For my upcoming WordPress-based web application I need to create a nice design of its front-end. The first step is to wireframe the site so you have a basic idea of its layout. After that, the wireframes are transformed into a usable and appealing design. Nowadays, there are plenty of HTML/CSS frameworks which can constitute the basis for the web pages design. Going through countless sites, I’ve selected a few which really got my attention. Let’s look at them!
From the first look, Pure.css is astonishing. Small but with a feeling of being complete. It is based on flat design principles: buttons are rectangular with a single color, each component is minimalistic, etc.
The whole library is only 4KB in size, which is undoubtedly remarkable. On the other hand, I find it too bare, like something is missing. It might be enough if you are comfortable with having to style components not included in the framework. However, as I want to focus more on the programming parts of the WordPress-powered web application, I’m not choosing Pure.css for my project.
Bootstrap with Material Design
Twitter Bootstrap is a well-known CSS framework in the web design community. It contains fundamental components such as a navigation bar, dropdown menus, tables, icons and much more. Bootstrap is a trend setter and de facto the web design framework. The problem is, if I use it as it is, my site will hardly differentiate from zillions of other sites out in the wild.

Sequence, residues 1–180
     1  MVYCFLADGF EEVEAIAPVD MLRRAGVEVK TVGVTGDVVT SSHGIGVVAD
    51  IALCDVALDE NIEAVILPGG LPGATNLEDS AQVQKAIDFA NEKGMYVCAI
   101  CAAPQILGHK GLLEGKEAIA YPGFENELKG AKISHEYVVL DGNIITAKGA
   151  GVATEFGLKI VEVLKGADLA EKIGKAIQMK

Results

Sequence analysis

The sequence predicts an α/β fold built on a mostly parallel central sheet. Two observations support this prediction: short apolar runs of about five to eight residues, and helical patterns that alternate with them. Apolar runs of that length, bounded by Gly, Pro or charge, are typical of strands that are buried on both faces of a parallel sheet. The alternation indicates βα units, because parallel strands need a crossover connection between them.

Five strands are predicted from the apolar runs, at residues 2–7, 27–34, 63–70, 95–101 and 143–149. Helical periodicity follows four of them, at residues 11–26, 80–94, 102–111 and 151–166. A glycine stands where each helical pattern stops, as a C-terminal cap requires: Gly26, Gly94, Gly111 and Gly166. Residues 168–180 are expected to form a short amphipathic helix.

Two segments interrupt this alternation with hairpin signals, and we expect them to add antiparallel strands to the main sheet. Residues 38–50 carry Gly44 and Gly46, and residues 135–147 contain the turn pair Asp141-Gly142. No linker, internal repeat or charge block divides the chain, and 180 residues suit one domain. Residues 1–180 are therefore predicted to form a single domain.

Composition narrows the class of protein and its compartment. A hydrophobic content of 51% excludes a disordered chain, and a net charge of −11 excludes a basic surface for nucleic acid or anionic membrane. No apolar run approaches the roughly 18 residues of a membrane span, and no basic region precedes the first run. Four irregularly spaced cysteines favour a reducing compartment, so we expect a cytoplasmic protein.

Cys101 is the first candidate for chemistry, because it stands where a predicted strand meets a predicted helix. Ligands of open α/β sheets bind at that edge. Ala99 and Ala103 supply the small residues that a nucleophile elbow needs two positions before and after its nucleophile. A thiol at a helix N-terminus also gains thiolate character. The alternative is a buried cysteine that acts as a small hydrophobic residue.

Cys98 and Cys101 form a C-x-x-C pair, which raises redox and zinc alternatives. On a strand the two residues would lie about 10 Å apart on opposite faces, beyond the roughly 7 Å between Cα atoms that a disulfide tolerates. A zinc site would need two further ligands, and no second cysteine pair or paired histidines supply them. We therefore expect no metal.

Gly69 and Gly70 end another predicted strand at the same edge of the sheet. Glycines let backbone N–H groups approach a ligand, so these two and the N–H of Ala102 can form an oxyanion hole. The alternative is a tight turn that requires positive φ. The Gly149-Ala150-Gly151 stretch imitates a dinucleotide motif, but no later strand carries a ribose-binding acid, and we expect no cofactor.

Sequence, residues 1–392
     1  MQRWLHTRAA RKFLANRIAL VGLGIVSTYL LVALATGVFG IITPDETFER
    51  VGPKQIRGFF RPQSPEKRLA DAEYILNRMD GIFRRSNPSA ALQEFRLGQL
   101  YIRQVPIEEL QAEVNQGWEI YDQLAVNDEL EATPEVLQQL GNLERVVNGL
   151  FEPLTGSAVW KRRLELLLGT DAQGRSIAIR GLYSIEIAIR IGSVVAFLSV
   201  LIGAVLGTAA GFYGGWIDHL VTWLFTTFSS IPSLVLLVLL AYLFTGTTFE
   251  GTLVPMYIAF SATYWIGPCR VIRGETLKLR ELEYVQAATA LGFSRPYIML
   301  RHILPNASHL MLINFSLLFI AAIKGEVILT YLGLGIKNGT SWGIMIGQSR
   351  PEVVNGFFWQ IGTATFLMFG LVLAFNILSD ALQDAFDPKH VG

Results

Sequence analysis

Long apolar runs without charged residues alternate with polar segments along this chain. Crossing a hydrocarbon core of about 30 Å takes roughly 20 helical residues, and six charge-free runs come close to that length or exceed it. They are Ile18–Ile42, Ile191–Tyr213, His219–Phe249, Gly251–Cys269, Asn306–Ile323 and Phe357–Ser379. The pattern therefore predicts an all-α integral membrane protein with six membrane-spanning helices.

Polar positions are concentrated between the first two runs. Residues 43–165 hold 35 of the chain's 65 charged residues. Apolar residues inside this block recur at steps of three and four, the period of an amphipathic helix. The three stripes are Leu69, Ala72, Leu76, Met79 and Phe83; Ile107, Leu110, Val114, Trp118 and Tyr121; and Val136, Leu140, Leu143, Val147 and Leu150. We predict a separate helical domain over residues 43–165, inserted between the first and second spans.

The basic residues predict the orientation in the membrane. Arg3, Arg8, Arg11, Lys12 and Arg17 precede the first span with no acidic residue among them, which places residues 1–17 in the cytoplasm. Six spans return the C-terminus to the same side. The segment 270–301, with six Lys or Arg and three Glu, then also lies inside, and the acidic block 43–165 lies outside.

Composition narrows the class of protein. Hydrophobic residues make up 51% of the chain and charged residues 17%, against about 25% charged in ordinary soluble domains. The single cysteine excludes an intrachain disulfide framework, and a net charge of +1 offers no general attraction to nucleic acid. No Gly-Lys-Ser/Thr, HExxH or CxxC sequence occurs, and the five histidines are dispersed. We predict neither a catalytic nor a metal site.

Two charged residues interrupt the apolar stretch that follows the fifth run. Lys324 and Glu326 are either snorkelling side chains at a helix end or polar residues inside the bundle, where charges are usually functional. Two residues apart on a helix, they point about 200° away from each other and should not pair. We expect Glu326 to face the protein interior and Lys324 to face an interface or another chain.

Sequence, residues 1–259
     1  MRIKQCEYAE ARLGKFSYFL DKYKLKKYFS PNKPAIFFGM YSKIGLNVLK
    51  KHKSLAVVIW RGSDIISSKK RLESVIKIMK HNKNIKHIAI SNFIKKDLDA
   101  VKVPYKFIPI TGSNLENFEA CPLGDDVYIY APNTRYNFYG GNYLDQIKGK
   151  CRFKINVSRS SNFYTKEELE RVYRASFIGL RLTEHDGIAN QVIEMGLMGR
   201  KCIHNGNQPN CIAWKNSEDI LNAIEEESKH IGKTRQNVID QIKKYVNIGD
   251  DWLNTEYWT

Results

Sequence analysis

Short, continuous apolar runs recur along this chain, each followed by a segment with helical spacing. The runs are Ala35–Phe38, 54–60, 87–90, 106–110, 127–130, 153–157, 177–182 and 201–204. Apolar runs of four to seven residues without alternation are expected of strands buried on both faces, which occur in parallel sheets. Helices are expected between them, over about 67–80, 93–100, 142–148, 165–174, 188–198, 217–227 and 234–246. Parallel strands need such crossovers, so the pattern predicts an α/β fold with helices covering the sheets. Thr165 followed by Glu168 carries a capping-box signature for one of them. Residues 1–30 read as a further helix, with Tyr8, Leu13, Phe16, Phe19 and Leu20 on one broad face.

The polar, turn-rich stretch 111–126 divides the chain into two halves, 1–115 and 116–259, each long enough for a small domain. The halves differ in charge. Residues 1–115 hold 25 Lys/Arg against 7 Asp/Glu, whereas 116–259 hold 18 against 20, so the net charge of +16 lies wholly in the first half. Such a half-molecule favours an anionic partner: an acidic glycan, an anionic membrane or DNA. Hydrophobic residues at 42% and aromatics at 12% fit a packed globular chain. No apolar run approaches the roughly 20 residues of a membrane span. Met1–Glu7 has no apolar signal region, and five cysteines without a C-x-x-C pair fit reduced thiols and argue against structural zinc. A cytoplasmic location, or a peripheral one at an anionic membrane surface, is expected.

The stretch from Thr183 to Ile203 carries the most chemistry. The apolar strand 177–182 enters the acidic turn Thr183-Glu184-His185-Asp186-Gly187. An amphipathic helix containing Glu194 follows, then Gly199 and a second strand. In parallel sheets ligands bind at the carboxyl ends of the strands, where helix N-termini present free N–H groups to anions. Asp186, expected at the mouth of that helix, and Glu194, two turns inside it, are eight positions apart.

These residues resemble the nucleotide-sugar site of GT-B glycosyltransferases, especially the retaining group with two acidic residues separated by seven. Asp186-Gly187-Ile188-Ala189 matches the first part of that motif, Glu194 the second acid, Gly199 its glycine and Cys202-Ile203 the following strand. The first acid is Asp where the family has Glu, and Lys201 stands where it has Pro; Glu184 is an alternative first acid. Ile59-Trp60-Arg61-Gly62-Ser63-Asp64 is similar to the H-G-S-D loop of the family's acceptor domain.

Luckily, I discovered an amazing Bootstrap theme — Material Design.
Just try it. Click on a button, type something in a form, check a checkbox or toggle a button! It feels so natural, so polished. And the typography, wow…
Material design is Google’s invention, all props to them. As they state in the goal section: “Create a visual language that synthesizes classic principles of good design with the innovation and possibility of technology and science.” Exactly like that.
At the moment, I’m sold on this Bootstrap theme. But wait, there is another very popular CSS library I forgot to mention — ZURB Foundation
To be honest, I have no experience with the Foundation. Their landing page brags about it being “the most advanced responsive front-end framework in the world” [emphasis mine]. Well then, I gotta try it too!
Foundation has quite a lot of predefined grid templates out of the box. Hmm, that’s nice. Oh, the off-canvas menu — something I’m definitely going to use in my web application. They have also Sass support. I cannot stress enough adopting a CSS preprocessor such as Sass or LESS in your web designing workflow. Unimaginable how I was able to work without it before.
Anyways, one size fits all doesn’t apply here so you should always consider different aspects when deciding between various CSS/HTML frameworks and libraries. Share your favorite ones so we can have a flame war. I love them!